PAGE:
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Incredible Perennial Plants & Flowers For Mixed Borders

no fuss perennials to add color your garden

Perennial plants and flowers may just be my favorite layer of the 4-season landscape. With so many beautiful options to choose from, I doubt I am alone in that.

From late spring through early fall, perennial plants and flowers take the spotlight in a mixed border. The “bones” of your garden will almost disappear behind the wealth of blooms they offer. Plus, they come back strong year after year, without much fuss.

There are so many perennial plants and flowers to choose from that this list is really only the tip of the iceberg. Nevertheless, I included a variety of my favorite options below. They are separated by whether they need a sunny location or prefer a bit more shade.

Zinnias - Analogous garden color schemes
Annual zinnia garden. Zinnia elegans, also known as Zinnia violacea, is the most familiar species, originally from the warm regions of Mexico being a warm–hot climate plant.

Sun-Loving Perennials for the Mixed Border

Here are some examples of common and easy-to-maintain perennial plants and flowers you can try in a sunny location.


daylilies mix - great perennial flower
Mixture of yellow pink and peach daylilies (Hemerocallis)

Zones 3-8 | 24-36″ H x 24-36″ W | Full-Part Sun

Daylilies (Hemerocallis) are so easy to grow you’ll often find them growing in ditches and fields, escapees from gardens. Although each bloom lasts only one single day, they carry numerous buds on each scape so they continuously bloom throughout the summer.

There are some 50,000 named hybrid cultivars in a range of colors, heights, forms, and flower sizes (the minis are very popular). Daylilies typically grow 1-3′ wide and produce numerous flower buds that are showy over a long period.

Free Gift: 10 Proven Plant Combinations to Try in Your Own Garden

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Never know what to plant together? Get 10 FREE plant combinations for spring, summer, fall and even winter so you can create stunning combinations in your garden in all four seasons. There are plant combos suited for every zone from 3-9. All pairings in this guide will work in zones 5-7.


Salvia 'May Night"
Salvia ‘May Night’ Photo by Pretty Purple Door.

Zones 5-9 | 12-18″ W x 18-24″ H | Full Sun

Salvia (aka Sage), is part of the mint family and blooms profusely for months. Salvia are super easy to grow and attract butterflies, bees and hummingbirds. ‘Blue Queen’ (Salvia × sylvestris Blue Queen) is a pretty deep purple variety you should try.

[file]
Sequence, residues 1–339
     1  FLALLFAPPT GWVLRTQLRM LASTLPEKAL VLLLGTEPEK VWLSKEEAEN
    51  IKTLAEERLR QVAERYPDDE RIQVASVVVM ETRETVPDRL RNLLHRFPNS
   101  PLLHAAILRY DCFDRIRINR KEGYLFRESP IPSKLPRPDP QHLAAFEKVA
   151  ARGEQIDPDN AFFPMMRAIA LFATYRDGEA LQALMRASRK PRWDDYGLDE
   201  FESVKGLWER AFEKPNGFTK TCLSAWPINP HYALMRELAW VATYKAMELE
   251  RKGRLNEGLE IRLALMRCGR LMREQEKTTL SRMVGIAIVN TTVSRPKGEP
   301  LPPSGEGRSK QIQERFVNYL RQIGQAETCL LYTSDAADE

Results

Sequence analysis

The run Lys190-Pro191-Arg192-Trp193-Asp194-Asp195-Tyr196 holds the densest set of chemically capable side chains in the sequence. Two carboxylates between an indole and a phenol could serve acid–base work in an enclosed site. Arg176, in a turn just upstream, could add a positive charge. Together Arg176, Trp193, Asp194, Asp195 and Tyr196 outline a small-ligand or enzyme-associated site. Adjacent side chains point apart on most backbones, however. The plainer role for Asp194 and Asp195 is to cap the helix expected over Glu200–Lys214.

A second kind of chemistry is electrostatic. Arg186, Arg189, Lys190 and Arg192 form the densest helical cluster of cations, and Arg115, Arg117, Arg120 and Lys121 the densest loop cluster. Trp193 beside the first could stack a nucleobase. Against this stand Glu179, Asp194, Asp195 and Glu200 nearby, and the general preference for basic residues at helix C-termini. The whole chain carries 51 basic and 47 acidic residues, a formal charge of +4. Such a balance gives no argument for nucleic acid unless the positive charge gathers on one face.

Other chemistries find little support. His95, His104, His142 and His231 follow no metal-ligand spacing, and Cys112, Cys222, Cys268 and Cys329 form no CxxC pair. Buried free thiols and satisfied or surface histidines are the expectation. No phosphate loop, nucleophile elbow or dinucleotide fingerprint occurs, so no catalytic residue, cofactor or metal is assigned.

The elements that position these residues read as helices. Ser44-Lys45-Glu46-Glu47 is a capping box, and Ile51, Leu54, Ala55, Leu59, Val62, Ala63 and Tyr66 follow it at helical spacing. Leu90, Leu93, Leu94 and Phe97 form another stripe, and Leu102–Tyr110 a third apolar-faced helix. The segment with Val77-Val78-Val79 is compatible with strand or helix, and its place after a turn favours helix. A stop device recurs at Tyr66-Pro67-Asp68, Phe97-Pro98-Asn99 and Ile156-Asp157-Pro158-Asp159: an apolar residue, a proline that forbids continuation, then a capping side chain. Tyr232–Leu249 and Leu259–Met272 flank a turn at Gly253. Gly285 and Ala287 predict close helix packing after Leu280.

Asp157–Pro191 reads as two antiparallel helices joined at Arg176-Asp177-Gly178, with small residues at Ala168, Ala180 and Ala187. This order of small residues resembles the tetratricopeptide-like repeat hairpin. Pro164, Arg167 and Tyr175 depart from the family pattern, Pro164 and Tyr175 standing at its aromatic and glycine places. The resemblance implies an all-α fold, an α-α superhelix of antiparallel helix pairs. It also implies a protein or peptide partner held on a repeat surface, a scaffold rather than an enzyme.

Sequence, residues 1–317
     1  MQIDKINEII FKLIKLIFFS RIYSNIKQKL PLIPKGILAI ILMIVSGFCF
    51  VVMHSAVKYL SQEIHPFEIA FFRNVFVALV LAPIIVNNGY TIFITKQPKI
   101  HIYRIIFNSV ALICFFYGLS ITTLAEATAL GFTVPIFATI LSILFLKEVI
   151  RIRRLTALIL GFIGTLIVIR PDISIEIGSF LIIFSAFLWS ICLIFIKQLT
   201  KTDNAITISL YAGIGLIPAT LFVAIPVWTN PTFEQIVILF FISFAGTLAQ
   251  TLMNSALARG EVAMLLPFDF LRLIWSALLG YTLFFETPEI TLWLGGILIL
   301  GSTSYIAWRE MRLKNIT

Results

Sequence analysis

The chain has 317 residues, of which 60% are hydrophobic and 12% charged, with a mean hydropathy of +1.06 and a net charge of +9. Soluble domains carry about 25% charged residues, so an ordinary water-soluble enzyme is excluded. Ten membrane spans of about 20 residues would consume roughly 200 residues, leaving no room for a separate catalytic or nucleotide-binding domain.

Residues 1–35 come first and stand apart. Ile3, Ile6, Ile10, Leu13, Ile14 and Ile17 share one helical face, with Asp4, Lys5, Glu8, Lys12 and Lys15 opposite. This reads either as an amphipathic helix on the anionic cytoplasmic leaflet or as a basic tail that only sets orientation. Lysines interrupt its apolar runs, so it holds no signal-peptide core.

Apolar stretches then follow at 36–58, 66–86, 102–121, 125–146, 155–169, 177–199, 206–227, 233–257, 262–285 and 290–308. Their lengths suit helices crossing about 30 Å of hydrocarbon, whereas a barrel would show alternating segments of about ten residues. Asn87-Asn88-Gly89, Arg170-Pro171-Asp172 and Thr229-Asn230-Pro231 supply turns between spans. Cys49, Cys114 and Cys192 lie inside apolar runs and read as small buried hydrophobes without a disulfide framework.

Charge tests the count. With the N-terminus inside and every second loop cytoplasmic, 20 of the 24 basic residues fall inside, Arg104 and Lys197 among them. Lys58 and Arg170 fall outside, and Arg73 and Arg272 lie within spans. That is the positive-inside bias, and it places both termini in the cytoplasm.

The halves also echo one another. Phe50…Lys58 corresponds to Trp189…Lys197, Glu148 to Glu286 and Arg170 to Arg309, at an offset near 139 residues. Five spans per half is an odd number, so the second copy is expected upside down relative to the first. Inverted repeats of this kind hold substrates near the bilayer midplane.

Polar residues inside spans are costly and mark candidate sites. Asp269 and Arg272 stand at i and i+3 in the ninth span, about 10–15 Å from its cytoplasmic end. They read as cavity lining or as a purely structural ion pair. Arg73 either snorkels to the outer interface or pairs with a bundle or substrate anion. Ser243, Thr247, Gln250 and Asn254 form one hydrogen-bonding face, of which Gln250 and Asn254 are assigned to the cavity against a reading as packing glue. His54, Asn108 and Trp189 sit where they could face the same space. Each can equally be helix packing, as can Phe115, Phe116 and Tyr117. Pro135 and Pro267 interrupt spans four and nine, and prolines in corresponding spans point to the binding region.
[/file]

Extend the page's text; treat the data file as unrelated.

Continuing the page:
Quick Tip: If you’re enjoying my top picks of perennial plants and flowers, hop over to my post about Landscape Layering where you can find information about all 5 (yes… five) layers you should have in the mixed border.

Globe Thistle

Globe Thistle 'Taplow Blue'
Globe Thistle ‘Taplow Blue’ (‘Echinops bannaticus ‘Taplow Blue’)

Zones 3-8 | 4-5′ H x 24″ W | Full Sun

Spiky globes of blue blooms sit above coarse, thistle-like green lives with silvery-white understones. Globe Thistle (Echinops sphaerocephalus) is a very architectural plant, standing upright to over 4 feet. The foliage adds a lot of texture and even after blooming the dried seedheads will add interest to your fall and winter garden.

Quick Tip: Globe Thistle is certainly a texture superstar in the garden. If you love texture (and this Globe Thistle) as much as I do, check out this post about plant texture, featuring lots of spikey, scrunchy, lumpy, fuzzy, fluffy plants to try in your garden.

Purple Coneflower

Echinacea Purple Coneflower
Echinacea purpurea (Eastern purple coneflower). Photo by Pretty Purple Door. Purchase.

Zones 3-8 | 3′ W (clumps) x 4′ H (stems) | Full Sun

A truly lovely, trouble-free perennial for the sunny garden, the hardy coneflower (Echinacea purpurea) is pest and disease resistant. Coneflowers bloom in summer in a range of colors — pink, white, yellow, orange, and more! In the fall they attract songbirds, which enjoy eating their seed-filled cones.


Dianthus ‘Firewitch’ (gratianopolitanus)

Zones 4-8 | 10-18″ W x 3-6″ H | Full-Part Sun

Related to the carnation (or ‘pinks’), dianthus (gratianopolitanus) comes in multiple varieties, so there’s one for nearly every garden scenario. Long-blooming abundant flowers provide a delightful display all summer long.

Some varieties are even perennial, like ‘Firewitch‘ and it will self-sow easily. Once planted, dianthus needs little tending to put on a good show.

Black-Eyed Susans

Little Goldstar Black Eyed Susan
Black-Eyed Susan ‘Little Goldstar’ (Rudbeckia fulgida var. sullivantii ‘Little Goldstar’)

Zones 3-9 | 12-24″ H x 18-24″ W | Full – Part Sun

Black-Eyed Susans (Rudbeckia hirta) are a garden classic with beautiful bold texture. The mounds of yellow flowers with deep-brown centers dazzle in the summer heat and all the way through fall. Each flower can last up to two weeks on the plant or in the vase. Black-Eyed Susans prefer full sun but can tolerate a partial sun area, too.